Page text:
ADAPTABILITY THE KEY TO SUCCESS
Research shows that retailers today need to quickly react to the unique demands of Internet savvy consumers by integrating their physical and online stores
The key to success in today’s fast-changing retail landscape is being able to adapt quickly while offering an integrated shopping experience via online and offline platforms, according to a new report by global professional services company Accenture.
Shoppers worldwide, especially in China, are becoming increasingly Internet savvy, meaning that mobile accessibility has become a critical element of the customer experience.
According to Accenture’s research, 73 percent of Chinese consumers use their smartphones to browse for goods and services frequently while about 40 percent prefer to receive real-time promotional notifications and credit coupons via their smartphones.
In addition, 80 percent of customers have web-roomed or show-roomed within the last year. Web-rooming is the act of browsing items online before making a purchase in a physical store. Showrooming, on the other hand, refers to browsing products in a physical store before buying it online.
However, research has shown that there are only a few retailers that are able to provide such services for customers, with just 7 percent of shops in the world providing updated information of discounts and sales on products through mobile platforms.
In China, there are only 4 percent of retailers — the global average is 28 percent — that are able to provide up-to-date stock status for consumers.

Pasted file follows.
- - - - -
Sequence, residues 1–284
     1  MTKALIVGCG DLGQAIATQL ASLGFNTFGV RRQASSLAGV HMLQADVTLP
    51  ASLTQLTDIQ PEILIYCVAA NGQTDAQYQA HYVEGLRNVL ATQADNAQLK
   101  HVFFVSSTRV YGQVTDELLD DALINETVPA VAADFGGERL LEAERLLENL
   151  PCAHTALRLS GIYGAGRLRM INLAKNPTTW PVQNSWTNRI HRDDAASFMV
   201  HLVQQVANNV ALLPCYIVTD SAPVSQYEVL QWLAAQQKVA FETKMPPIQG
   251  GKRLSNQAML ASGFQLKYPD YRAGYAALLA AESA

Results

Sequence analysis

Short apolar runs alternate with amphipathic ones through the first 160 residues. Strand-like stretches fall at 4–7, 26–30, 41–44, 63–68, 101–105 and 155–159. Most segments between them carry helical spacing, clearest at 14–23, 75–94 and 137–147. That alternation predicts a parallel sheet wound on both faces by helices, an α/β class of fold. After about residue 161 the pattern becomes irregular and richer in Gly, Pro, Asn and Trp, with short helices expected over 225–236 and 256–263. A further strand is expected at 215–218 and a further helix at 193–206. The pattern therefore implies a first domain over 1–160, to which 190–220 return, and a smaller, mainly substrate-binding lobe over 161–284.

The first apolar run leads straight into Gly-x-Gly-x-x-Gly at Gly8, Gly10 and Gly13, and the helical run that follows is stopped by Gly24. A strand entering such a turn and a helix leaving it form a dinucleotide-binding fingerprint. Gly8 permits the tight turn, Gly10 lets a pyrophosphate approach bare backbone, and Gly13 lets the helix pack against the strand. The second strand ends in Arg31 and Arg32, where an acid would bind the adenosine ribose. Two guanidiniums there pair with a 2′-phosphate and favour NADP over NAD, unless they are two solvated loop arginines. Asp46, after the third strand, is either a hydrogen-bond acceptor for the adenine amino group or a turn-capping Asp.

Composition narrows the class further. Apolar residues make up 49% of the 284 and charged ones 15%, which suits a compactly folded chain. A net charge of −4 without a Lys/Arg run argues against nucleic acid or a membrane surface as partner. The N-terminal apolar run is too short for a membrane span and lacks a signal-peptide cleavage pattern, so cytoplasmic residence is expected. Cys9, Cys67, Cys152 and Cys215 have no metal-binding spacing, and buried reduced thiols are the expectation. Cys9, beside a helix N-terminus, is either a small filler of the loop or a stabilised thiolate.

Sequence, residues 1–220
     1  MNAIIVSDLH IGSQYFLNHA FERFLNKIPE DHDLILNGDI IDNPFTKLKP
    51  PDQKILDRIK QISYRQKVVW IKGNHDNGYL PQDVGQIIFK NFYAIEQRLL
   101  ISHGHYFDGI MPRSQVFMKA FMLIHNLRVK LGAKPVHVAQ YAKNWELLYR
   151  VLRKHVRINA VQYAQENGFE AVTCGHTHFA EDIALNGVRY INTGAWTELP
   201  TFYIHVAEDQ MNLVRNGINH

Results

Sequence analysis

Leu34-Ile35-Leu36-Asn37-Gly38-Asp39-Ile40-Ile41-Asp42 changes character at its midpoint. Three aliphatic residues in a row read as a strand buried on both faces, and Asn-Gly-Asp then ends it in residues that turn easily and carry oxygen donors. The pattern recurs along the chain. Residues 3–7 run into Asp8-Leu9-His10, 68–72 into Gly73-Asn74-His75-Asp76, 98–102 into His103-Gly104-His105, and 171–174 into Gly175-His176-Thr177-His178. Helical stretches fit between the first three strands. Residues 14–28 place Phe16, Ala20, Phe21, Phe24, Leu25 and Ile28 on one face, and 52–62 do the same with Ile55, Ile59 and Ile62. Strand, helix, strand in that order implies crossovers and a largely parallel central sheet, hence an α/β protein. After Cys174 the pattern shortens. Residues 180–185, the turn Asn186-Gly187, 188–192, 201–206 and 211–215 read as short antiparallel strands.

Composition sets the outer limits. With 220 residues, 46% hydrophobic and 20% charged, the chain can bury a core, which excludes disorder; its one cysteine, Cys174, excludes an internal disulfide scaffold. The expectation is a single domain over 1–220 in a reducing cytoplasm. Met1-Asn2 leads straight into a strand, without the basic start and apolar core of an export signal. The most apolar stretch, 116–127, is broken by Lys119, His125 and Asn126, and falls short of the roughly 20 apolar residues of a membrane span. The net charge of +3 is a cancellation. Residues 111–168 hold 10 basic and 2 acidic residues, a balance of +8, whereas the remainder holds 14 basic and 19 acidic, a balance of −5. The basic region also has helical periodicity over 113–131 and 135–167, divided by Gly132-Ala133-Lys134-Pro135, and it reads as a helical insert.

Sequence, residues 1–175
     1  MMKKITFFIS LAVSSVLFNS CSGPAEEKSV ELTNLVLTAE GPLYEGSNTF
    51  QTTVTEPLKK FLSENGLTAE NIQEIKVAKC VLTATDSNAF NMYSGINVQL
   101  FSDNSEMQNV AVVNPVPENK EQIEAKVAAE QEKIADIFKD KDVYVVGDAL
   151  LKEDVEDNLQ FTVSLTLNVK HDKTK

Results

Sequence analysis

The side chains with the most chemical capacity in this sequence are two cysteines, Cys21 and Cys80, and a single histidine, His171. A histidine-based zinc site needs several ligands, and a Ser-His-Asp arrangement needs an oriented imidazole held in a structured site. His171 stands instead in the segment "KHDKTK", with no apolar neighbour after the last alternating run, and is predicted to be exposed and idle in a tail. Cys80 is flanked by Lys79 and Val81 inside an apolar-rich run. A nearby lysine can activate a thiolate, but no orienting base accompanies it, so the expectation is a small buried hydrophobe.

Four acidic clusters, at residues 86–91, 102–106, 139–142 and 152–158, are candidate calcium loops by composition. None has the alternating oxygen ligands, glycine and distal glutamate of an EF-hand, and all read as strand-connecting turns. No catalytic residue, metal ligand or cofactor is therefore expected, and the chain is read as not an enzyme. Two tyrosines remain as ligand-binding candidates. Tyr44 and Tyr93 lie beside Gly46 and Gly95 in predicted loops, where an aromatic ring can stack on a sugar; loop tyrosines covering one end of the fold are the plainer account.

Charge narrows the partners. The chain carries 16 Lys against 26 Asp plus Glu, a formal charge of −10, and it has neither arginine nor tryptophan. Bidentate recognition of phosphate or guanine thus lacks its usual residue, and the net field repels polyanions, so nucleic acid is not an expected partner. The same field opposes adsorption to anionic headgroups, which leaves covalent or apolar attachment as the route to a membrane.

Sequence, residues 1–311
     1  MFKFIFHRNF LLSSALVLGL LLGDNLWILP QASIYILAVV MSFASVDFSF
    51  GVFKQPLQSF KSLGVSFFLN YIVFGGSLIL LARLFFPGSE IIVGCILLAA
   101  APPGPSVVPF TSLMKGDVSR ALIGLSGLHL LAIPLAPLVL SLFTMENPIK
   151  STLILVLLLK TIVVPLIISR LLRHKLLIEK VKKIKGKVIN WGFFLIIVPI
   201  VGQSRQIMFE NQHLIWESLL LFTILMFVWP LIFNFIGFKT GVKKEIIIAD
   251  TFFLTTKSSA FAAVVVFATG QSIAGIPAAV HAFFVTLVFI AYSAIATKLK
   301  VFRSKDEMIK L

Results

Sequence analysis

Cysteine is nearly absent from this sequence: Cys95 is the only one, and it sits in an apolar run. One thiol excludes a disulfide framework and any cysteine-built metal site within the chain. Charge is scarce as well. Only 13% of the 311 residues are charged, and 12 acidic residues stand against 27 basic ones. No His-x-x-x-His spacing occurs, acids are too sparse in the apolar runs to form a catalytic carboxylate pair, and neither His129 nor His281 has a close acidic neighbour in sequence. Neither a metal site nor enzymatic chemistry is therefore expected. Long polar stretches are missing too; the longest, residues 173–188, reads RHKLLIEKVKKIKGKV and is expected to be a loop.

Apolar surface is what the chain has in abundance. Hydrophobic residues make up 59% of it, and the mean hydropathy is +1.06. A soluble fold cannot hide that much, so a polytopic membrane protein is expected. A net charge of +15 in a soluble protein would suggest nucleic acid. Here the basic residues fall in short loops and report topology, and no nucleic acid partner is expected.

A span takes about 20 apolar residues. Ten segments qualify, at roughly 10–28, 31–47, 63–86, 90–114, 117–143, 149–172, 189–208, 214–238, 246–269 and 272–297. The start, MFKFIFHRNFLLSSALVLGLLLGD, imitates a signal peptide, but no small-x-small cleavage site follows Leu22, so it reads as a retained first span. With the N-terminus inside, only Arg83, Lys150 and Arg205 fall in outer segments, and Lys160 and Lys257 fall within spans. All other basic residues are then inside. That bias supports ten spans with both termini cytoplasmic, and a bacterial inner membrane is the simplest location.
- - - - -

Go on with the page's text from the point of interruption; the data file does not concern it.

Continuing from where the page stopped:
“Retailers must make every effort to improve their mobile commerce capabilities and keep up with consumers’ expectations. To be an adaptive retailer, the experience needs to be seamless for consumers who expect mobile devices to ease the shopping experience, both online and in-store,” said Yew Hong Koh, managing director, retail lead for Accenture Asia Pacific.
According to the report, smartphones are the preferred mobile device when it comes to making purchases across categories, and more shoppers have indicated an increase in their purchases via smartphones compared to tablets.
Chinese consumers in particular prefer to make purchase on social platforms (74 percent) like WeChat and online shops (70 percent) like Taobao.com that offer door-todoor delivery service.
“I don’t have time to go to stores to shop. Instead, I regularly browse goods and make purchases online using my mobile device as this is more convenient. Shopping online is also another way to relax and kill time,” said Chen Yanqing, a senior manager at a foreign-invested company in Shanghai.
The report also revealed that while businesses are beginning to pay closer attention to consumers’ online shopping demands, many are still not able to meet expectations in two key areas: instore and seamless shopping experiences.
An increasing number of consumers were found to be frustrated with the lack of visibility across the retail channel, especially when it comes to checking product availability.
This year, 34 percent of Chinese shoppers, compared to 17 percent a year ago, indicated that being able to ascertain product availability prior to making a trip to the store would help to provide a more seamless shopping experience.
“Visibility across channels is becoming more important to Chinese consumers. However, less than 20 percent offer this capability. Retailers must begin to look at their businesses from the consumer’s perspective and place digital at the very core of the customer experience if they want to succeed,” said Koh.